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How To Choose A Live Edge Slab

Live edge furniture for home decor is extremely popular these days, and for good reason. The results are beautiful! It is one of our favourite design elements to incorporate into our bed frames and we are constantly seeing new and creative ways to use it for furniture and home decor projects.

If you have done some shopping for live edge slabs for a DIY project, you know that it can be a little confusing and challenging to select the right cut and piece for you. If you are new to purchasing live edge lumber, it can seem like there can be extreme differences in price for what looks like very similar pieces of wood.

So what is the difference between a slab that costs a few hundred dollars compared to a slab that costs a few thousand dollars? How can two pieces that are the same type of wood, and about the same size differ drastically in price?

Time is the big factor. And by time, we mean how much time you will spend preparing the piece for your task. Let’s say you want to build a small desk, and you would like the top to be flat and smooth so that you can print on it. Choosing a rougher cut of wood is going to result in a lot of time planing, sanding and prepping the piece so that it is in the condition that you need. However, in the end, you will end up with a piece that looks and functions the same as an expensive slab, you will just have paid for the slab with your time instead of your cash.

It’s important to realize that when you are comparing two slabs that are the same wood, difference in price won’t necessarily be determined by the quality of lumber. Typically the “best” cuts of lumber go to veneer, and then the next “best” cuts go to dimensional lumber. After that, we are left with the live edge cuts, which are broken down into “A”, “B” and “C” cuts. Qualities like straight and a consistent grain are often what’s deemed “best”. The good news is that for most live edge DIY projects, you are looking for the exact opposite of best! There is no reason to be afraid of a “C” cut if it is the piece that calls your name. Cheap doesn’t mean poor quality in this circumstance. Character and uniqueness are a good thing. That might mean you have to get a little more creative with your design though. But that’s half the fun!

Another huge factor to consider is if the wood has been dried or not. Occasionally you can find someone who has a small portable mill who is selling cheap, undried rough cuts for a fantastic price. These can be exceptional deals if you are willing to invest the time drying (it can take over a year if you don’t have a kiln), planing and sanding to get it ready. If you need your project by a certain date, you might be better off spending a little more money. Using a piece of wood that hasn’t been properly dried can lead to cracking and shrinking later.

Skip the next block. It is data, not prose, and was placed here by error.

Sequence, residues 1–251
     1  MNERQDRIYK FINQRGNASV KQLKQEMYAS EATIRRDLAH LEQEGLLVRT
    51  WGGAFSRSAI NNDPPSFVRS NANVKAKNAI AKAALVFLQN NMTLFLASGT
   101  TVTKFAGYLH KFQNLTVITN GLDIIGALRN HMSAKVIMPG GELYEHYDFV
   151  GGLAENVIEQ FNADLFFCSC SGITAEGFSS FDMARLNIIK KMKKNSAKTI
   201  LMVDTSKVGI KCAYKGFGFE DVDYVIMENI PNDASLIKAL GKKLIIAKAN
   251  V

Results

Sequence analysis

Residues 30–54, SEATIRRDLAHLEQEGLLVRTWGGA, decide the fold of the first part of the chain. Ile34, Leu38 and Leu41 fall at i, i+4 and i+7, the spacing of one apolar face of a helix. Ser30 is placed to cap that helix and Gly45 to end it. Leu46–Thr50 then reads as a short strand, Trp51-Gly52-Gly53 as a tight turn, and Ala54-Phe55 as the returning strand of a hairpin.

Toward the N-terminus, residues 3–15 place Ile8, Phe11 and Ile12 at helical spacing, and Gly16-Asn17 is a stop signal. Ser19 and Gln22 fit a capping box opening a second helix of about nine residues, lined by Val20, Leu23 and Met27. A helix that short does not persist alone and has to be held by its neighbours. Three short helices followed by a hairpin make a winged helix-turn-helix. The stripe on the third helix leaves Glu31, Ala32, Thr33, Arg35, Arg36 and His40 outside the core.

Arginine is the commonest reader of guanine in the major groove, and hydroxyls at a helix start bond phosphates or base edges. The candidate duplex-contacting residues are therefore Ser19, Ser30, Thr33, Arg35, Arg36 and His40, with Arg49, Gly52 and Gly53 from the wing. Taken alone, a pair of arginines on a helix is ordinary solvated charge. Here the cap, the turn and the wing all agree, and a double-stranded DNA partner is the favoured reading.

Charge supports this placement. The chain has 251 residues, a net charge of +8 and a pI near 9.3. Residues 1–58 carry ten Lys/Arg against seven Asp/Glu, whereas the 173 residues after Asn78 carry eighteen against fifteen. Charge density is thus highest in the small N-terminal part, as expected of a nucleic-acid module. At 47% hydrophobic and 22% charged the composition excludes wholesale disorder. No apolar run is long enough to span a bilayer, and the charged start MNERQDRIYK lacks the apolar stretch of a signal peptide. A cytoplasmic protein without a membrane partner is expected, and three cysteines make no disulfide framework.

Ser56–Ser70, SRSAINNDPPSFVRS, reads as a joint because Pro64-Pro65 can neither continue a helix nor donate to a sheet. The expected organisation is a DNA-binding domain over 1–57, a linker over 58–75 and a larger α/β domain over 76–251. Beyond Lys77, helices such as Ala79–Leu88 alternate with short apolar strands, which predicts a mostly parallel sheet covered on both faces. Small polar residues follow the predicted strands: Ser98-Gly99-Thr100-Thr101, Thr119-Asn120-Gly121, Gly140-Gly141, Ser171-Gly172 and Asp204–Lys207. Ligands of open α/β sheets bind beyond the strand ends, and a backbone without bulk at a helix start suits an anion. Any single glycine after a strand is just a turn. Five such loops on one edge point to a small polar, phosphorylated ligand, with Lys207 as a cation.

The type of wood you are using needs to also receive some thought. For example, if you working on a countertop the harder the wood the better. Hardwoods and rare exotic woods are always going to be the most expensive. They take a long time to reach maturity and often times have to travel great distances to get to you. For this reason, these woods often aren’t the best choice for the environment. Colour is another factor that impacts the type of choice you use. If you need a darker colour, a softwood is not going to be an option. But let’s say you want to build some live edge picture frames. In this case, softwoods or even some pallet wood with a rough unfinished edge might be an ideal (and free) option.

Generally speaking, with live edge cuts you pay for how finished the cut is, how versatile the cut is, and how rare the tree it came from is. None of these will necessarily make your project any better. So hunt around and don’t feel like if you don’t pay top dollar that you aren’t getting the right piece for you.

Now that being said, when you are looking to purchase a piece of live edge furniture, remember that the craftsman either paid a very handsome sum for the piece of lumber, or he gave up a week or two of his life sanding and prepping the piece. Because no two pieces of live edge are the same, it can’t be mass-produced and thus is always going to be very labour intensive to produce a finished product.

The thrill of finding the right piece of wood is a good part of the fun of live edge projects. If you have any question or are looking for tips, don’t hesitate to reach out and contact us. We’re always happy to help.

If you have questions about our live edge furniture, contact us by clicking here.

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